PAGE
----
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The Battalion

The Student News Site of Texas A&M University - College Station

The Battalion

The Student News Site of Texas A&M University - College Station

The Battalion

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A&M’s strong pass defense to be evenly matched by Mississippi State

Mike+Leachs+Air+Raid+offense+is+facing+off+against+the+Aggies+passing+defense%2C+the+fourth+best+in+the+nation.
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Mike Leach’s “Air Raid” offense is facing off against the Aggies’ passing defense, the fourth best in the nation.

This weekend brings a highly-anticipated SEC showdown.

No. 15 Texas A&M will host the Mississippi State Bulldogs on Saturday, Oct. 2. Mike Leach’s high-powered passing attack will take on the stout A&M defense coordinated by Mike Elko. Leach debuted as the head coach and offensive coordinator for the Bulldogs in the 2020 season. His air raid offense was expected to revolutionize the team and bring a new dimension to the SEC, but quarterback controversies slowed down those lofty aspirations.

Stanford transfer and redshirt senior quarterback KJ Costello had a record-breaking debut for the Bulldogs against Alabama on Oct. 31, 2020, but disappointed in subsequent games. Against A&M last year, Costello was benched in favor of true freshman quarterback Will Rogers, who finished the season as the starter.

The Bulldogs finished 4-7 last season, passing for under 300 yards per game. Prior to the 2020 season, no Leach-led team had passed for under 300 yards per game since the 2000 Texas Tech Red Raiders. So far this season, the Air Raid offense has returned to form. Rogers, now a sophomore, is averaging over 360 passing yards per game through the first four games of the season. He has also completed over 75 percent of his passes and accounted for 11 passing touchdowns, compared to just two interceptions.

“You know [Mike Leach] is going to throw it,” A&M head coach Jimbo Fisher said. “Their receivers are athletic and long … it’s going to be a tough game.”

When you look beyond the passing game, however, the Bulldogs’ offense is flawed. Mississippi State averages under 63 yards rushing per game and struggles to finish drives. Despite averaging the sixth-most passing yards per game, the Bulldogs only average about 28 points. The team is also prone to penalties, accruing nine per game for an average of 64 yards. Redzone inefficiencies and penalties have been capping the Bulldogs’ offensive potential this year.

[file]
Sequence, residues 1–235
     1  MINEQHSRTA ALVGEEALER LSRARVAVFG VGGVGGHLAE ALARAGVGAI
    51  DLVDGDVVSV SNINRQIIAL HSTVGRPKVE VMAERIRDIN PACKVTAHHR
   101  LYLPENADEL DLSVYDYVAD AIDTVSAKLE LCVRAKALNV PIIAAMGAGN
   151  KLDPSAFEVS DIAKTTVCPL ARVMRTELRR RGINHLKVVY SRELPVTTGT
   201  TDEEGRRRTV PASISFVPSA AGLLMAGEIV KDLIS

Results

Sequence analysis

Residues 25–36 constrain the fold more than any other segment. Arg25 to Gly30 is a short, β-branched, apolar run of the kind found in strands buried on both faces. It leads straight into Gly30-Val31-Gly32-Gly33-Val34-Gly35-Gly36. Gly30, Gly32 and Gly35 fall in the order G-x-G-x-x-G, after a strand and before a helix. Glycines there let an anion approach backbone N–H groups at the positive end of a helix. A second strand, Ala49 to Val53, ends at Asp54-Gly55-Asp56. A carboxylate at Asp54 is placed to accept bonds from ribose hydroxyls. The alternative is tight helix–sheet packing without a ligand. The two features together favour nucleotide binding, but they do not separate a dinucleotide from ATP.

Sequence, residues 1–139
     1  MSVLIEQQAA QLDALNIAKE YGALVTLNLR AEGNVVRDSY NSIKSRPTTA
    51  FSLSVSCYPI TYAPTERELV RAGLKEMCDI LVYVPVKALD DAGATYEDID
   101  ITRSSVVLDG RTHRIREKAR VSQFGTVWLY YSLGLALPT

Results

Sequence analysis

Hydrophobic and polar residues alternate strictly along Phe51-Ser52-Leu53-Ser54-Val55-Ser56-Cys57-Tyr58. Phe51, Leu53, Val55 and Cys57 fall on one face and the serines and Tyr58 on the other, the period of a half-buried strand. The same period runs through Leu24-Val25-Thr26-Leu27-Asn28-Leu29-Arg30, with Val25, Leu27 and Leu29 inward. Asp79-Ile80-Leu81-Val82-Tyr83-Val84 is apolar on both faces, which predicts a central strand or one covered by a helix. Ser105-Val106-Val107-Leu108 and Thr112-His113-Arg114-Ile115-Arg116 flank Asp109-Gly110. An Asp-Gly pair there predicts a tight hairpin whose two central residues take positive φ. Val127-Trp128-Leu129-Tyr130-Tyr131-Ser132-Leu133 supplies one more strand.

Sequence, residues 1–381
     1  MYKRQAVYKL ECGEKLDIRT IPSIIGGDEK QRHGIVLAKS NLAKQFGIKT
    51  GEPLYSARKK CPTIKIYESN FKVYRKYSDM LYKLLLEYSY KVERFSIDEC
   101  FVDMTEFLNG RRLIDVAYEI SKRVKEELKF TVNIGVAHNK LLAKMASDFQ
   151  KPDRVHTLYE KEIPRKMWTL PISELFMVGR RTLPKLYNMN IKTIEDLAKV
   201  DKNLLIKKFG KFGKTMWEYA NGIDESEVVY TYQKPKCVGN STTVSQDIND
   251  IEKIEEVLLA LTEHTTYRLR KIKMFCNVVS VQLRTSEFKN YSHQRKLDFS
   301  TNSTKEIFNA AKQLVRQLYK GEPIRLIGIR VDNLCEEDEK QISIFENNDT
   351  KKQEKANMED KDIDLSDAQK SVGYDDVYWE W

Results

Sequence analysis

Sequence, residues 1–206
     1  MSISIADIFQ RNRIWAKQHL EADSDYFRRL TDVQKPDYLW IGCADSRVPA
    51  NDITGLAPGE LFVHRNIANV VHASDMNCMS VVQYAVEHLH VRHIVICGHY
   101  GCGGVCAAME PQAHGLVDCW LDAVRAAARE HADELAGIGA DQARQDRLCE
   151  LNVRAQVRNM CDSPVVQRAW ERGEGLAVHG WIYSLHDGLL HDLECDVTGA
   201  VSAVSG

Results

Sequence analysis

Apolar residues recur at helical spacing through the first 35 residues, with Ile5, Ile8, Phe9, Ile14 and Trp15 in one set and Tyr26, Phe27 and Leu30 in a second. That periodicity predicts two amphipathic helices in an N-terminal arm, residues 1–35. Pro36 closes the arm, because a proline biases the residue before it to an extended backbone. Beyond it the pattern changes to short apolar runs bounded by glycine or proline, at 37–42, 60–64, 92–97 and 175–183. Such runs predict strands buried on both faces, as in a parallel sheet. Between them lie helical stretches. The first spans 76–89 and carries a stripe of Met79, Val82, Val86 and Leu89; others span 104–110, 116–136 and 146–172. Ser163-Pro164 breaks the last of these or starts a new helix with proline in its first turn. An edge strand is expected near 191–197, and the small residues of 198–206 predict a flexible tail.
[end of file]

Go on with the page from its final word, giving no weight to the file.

Coincidentally, the A&M defense mirrors the Mississippi State offense well. Despite a poor outing against Arkansas in Week 4, the A&M passing defense is elite. The Aggies allow less than 120 passing yards per contest, the fourth-best in the nation. Instead, A&M’s biggest struggle defensively has been stopping the rushing attack. A&M has the third-worst rushing defense in the SEC, allowing around 170 yards on the ground per game.

“This year we’ve been struggling a little bit on the run,” junior safety Demani Richardson said. “We just have to lock into coach Elko’s plan.”

Another strength of the A&M defense this season has been Elko and his ability to make halftime adjustments. The A&M defense has only allowed 10 second-half points through four games. Elko and the defense have been successful at adjusting on the fly to put the A&M offense in positions to win.

With a top-tier passing attack facing a top-tier passing defense, one side will have to give way. The key to an A&M victory will likely focus on slowing down Rogers and the passing game and forcing the Bulldogs to establish a consistent rushing attack. The path to a Mississippi State victory, however, may come from making early big plays in the passing game quickly enough to minimize the effects of Elko’s halftime adjustments.

“We have to lock in from the start,” Richardson said. “We just can’t allow the explosive plays and the big amount of yards from the early on. We just have to lock in and key in from the start.”

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